The first two lines of "For the Fallen" establish the emotional stakes of the poem. England, personified as a "proud" and grateful "mother" figure, mourns dead British soldiers—treated in this metaphor as the country's children. By establishing a familial relationship between the dead and England, the poem emphasizes the grief that England feels at their deaths. Additionally, the British citizens have died "across the sea" and not on English land. Therefore, England's inability to recover the bodies of "her children" compounds her grief.
Furthermore, the dead are not simply children; rather, as described in line 3, they are “Flesh of her flesh.” In losing the soldiers, or "her flesh," England herself suffers a physical wound. Additionally, the phrase “flesh of her flesh” is a Biblical allusion to God’s creation of Eve out of Adam’s rib. The allusion stresses that dead are as important to England as Eve was to Adam. In the same vein, the second half of line 3 describes the dead as “spirit of [England’s] spirit.” The dead are not just a part of England’s body, then, but also a part of her soul. Consequently, the loss of the British citizens is an emotional, physical, and also existential wound. The caesura in the middle of line 3, in the form of a comma, slows down the reading of the line, stressing the importance and solemnity of these two declarations.
Also note how, in the first four lines, the dead are described in relation to England as "her children," "her dead," "her flesh," and "her spirit." The repetition of the possessive "her" highlights the intimate relationship between England and the dead, never letting the reader forget that these fallen soldiers are part of the nation they fought for.
Line 4 then provides more details into the identities of those who have died. The ones who England mourns for so deeply are not just any British citizens. Rather, they are those who have "Fallen in the cause of the free." In other words, the dead are British soldiers who have died fighting for their country in another land. The poem thus takes a patriotic view of war and argues for the nobility and necessity of sacrifice in the name of England's ideals.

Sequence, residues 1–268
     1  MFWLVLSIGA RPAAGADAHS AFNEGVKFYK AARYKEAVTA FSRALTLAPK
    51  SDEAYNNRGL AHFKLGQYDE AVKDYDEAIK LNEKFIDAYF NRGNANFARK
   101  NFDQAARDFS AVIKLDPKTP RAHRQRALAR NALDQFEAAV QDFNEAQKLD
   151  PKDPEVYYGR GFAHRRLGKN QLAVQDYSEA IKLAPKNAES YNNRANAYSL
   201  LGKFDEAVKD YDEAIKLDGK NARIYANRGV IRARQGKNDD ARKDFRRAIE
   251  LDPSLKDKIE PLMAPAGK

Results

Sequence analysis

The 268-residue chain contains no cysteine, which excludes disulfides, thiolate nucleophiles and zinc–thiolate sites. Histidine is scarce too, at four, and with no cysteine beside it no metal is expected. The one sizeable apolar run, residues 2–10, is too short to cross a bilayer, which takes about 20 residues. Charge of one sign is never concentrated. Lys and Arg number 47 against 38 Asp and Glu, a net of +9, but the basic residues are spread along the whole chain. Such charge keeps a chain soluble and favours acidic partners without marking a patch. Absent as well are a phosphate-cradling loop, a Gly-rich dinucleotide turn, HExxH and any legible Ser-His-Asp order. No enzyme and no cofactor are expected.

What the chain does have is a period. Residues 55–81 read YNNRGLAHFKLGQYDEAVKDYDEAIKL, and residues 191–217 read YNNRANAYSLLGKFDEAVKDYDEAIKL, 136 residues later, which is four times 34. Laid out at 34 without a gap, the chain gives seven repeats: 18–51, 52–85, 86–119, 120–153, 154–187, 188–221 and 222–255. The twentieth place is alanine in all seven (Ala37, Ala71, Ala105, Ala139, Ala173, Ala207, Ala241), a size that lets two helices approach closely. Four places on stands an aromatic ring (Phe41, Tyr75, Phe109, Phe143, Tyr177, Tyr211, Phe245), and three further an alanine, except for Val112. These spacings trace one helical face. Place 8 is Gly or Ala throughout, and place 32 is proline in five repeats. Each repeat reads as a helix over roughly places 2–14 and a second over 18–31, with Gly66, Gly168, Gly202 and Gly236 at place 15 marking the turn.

"For the Fallen" is, ultimately, an elegy for dead British soldiers. As is fitting for an elegy, there is a ceremonial regularity to the form. The poem is composed of seven quatrains, or four-line stanzas. Within each quatrain, the first three lines are of similar syllabic length, while the fourth line is shorter. Additionally, the majority of the lines are end-stopped, slowing down the reading of the lines and providing a stately rhythm to the poem.
Binyon is more unconventional, however, in terms of meter. Although there are moments of conventional meter, Binyon often plays against these meters from line to line and in unconventional ways. Take, for example, line 2:
England | mourns for | her dead | across | the sea.
The line begins with two trochees (DUM-da) but soon shifts to iambic meter (da-DUM). Similarly, line 4 also starts out with trochaic meter:
Fallen | in the | cause of | the free.
Trochaic, or falling, meter is often used to address somber and grim subjects, like the death of patriotic soldiers. By using both trochaic and iambic meter, however, the poem suggests a complication of that mournful mood. Indeed, although the first stanza establishes England's deep grief, the first stanza also hints at England's "pr[ide]," a more positive emotion, at the soldiers' sacrifice.